Also, I agree that the concept of a purely objective morality, independent of the subjective experiences of the human condition, is nonsensical. If we had no subjective experiences like happiness and suffering, we could have no concept of good and evil. Even if we ground morality in God, we still ground them in God's subjective feelings, like love for mankind (we're assuming God's feelings are similar to our own.)
― Kelpie, Wednesday, 5 August 2020 20:57 (one year ago) link
I disagree with that, but how do you see that having any negative implications on a narrative? wouldn't an objective morality be much more interesting to contrast with our subjective one as a narrative conflict if we presume it exists?
― Philip Nunez, Wednesday, 5 August 2020 22:31 (one year ago) link
I'm not sure I follow. I think moral judgements involve both subjective and objective factors. Actually, all judgements do. Even math and science require a subjective human desire to know the truth. It doesn't necessarily make a difference in how moral decisions are handled in narratives, or in everyday life.
― Kelpie, Wednesday, 5 August 2020 23:10 (one year ago) link
if you presume that all morality is subjective, then that eliminates a profound amount of tension in many kinds of stories.
― Philip Nunez, Wednesday, 5 August 2020 23:31 (one year ago) link
I think moral judgements involve both subjective and objective factors. "Objective morality vs. subjective morality" is a false dichotomy to begin with.
― Kelpie, Thursday, 6 August 2020 11:45 (one year ago) link
So, I've been reading about moral philosophy and I've found some people who seem to reject the objective vs. subjective dichotomy. The ones I really like are Iris Murdoch and Philippa Foot. Their view of morality is like this: Morality is our term for the rational pursuit of happiness, in accordance with the particulars of psychology. As a human being, this is what you're constructed to do. You have no choice about your moral nature, only whether you perform it well or poorly. Human opinion does not determine moral principles, but human psychology does.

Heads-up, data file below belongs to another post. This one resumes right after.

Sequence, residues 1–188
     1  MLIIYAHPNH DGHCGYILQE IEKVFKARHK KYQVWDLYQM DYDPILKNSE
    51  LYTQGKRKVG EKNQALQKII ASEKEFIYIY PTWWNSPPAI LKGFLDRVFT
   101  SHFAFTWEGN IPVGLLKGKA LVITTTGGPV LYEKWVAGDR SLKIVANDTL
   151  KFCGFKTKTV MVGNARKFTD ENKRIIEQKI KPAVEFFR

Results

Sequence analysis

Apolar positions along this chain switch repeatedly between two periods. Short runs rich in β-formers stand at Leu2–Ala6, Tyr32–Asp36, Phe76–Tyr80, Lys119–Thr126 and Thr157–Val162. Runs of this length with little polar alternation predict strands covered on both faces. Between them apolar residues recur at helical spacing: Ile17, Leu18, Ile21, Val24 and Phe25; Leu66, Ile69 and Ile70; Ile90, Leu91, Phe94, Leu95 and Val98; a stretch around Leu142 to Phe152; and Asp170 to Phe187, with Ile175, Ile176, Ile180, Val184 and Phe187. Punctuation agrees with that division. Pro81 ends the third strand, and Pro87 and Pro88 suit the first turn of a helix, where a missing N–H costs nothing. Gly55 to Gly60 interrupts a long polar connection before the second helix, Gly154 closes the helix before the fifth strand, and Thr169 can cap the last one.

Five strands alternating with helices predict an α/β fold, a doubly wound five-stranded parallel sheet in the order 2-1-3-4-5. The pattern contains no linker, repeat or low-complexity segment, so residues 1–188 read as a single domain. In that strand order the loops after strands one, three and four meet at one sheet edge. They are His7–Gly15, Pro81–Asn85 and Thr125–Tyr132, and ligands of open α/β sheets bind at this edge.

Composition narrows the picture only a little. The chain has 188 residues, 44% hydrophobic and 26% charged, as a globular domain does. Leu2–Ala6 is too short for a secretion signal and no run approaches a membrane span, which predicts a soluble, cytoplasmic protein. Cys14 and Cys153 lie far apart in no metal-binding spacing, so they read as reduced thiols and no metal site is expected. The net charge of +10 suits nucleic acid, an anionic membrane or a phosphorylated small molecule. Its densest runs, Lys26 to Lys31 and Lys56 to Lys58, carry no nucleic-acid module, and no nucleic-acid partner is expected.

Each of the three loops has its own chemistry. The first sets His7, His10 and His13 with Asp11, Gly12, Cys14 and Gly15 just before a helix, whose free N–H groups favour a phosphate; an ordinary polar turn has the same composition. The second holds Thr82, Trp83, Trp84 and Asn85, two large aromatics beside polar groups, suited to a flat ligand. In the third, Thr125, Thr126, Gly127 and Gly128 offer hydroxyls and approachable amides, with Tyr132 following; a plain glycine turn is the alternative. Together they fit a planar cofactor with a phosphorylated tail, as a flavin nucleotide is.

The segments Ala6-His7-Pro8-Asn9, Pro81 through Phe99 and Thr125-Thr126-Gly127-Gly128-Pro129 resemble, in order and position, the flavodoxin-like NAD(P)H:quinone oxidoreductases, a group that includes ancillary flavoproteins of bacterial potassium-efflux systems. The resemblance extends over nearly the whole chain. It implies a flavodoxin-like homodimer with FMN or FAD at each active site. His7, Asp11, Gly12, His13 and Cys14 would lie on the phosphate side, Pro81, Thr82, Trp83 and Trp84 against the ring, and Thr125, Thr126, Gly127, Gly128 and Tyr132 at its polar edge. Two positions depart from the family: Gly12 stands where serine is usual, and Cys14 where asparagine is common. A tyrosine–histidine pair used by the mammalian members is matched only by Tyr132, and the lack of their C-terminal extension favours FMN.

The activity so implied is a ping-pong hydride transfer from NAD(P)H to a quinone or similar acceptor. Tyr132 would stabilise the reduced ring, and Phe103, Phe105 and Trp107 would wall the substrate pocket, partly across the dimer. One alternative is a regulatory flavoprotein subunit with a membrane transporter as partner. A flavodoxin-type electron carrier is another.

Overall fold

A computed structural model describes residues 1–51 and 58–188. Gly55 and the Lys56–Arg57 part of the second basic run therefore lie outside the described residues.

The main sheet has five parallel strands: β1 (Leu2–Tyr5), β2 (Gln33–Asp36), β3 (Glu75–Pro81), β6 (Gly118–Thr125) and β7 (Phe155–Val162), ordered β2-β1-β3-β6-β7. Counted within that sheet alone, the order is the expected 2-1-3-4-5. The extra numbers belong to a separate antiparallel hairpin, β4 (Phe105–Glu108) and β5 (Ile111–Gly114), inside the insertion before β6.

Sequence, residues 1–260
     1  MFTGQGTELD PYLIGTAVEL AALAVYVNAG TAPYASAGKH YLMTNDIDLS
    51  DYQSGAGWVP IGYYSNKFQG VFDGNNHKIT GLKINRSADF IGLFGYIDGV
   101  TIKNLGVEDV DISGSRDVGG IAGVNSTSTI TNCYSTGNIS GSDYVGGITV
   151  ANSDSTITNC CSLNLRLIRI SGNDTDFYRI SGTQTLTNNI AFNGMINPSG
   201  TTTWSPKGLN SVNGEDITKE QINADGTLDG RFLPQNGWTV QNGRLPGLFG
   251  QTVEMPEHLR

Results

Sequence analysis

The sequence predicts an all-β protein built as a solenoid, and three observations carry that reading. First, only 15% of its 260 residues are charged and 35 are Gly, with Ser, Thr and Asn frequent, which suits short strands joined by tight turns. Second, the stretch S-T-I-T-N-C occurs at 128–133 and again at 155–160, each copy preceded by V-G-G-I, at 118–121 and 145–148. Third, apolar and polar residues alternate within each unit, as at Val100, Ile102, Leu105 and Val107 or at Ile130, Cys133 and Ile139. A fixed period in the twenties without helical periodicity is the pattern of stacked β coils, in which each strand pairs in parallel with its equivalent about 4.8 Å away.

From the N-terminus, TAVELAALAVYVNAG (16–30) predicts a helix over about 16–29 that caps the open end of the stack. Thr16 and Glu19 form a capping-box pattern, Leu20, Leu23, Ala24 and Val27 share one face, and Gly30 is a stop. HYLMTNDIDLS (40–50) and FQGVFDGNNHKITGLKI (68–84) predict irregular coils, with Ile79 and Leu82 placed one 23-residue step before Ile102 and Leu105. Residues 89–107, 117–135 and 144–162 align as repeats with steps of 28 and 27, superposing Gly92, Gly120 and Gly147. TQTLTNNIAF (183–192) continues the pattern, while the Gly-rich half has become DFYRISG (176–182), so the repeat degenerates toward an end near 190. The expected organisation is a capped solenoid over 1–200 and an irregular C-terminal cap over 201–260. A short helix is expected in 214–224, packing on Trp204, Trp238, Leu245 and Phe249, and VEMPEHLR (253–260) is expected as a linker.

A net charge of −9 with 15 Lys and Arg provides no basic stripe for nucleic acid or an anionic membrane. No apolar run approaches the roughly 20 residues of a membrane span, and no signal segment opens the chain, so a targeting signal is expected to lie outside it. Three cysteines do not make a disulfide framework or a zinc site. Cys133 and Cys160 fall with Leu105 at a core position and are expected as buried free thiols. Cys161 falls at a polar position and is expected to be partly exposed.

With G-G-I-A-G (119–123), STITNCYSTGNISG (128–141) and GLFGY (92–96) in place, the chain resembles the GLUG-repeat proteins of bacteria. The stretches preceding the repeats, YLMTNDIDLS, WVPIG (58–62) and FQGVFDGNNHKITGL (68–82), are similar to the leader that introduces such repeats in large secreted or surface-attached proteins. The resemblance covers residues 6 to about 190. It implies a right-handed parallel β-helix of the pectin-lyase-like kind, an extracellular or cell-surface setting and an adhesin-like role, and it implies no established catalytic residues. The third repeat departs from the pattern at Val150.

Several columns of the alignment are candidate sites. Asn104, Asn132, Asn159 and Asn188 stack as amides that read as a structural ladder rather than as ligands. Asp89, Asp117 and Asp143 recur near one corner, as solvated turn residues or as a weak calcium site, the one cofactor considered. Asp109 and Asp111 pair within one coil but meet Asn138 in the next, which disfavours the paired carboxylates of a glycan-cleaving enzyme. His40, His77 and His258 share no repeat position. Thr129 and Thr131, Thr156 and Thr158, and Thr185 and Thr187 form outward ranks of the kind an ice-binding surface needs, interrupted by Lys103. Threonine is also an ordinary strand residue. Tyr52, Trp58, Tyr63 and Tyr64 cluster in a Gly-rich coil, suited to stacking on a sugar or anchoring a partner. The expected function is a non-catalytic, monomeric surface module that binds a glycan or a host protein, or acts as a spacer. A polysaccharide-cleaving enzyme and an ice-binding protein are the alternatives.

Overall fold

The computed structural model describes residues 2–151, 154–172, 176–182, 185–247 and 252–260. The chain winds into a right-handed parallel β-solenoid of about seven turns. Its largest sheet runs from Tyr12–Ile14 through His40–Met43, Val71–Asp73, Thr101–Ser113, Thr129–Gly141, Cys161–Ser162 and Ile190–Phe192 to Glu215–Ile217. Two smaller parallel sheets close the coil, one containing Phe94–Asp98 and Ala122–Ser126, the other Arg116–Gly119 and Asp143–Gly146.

― Kelpie, Saturday, 5 September 2020 01:06 (one year ago) link
"You have no choice about your moral nature, only whether you perform it well or poorly."The problem with debates about morality is the that the term "morality" is being used to describe a vast range of factors and conflicting interests.Your statement's meaning is ambiguous to the point where it could be saying too many different things. I know that I've changed my moral position on a number of issues during my life. As you become more informed and more wise, your moral compass will shift.One could argue that your moral nature is independent of how much you know, but you could just as well define moral nature as that which emerges in a way entirely dependent on what you know. A child with little life experience is not held to the same standard of morality as an adult.
― Peter Chung, Wednesday, 9 September 2020 20:50 (one year ago) link
Moral philosophy is the project of generalizing approaches to decision making with the purpose of maximizing the chances of optimal outcomes. It is a system of measuring the desirability of actions in the same way that the metric system is a tool for measuring physical properties. It is essentially a practical tool for everyday decision making. The problem arises when these guiding principles (generalizations) start to be viewed as having some innate value, as if they are cosmic rules that exist outside of human opinion. They do not. They exist because they are helpful and practical. That is all morals are.
― Peter Chung, Thursday, 10 September 2020 10:12 (one year ago) link
It's possible to use rhetoric to justify any moral stance. Internal consistency is used as a standard for judging the validity of a moral position. The "rational pursuit of happiness" sounds like a baseline value, but everyone's idea of what makes them happy is so varied that I wonder if it's really useful.
I've come to conclude that moral principles are, in fact, entirely explained as nothing more and nothing less than opinions. We decide what we want to call good and bad. We then use rhetoric to justify these opinions because we are taught to discount personal opinion as a sufficient basis for judgment. It would be better to be honest and own up to the idea that people hold their opinions with high regard. The act of voting in a democratic election is driven by opinion. We accord opinion with the highest value when it comes to politics. Supreme court decisions are opinions.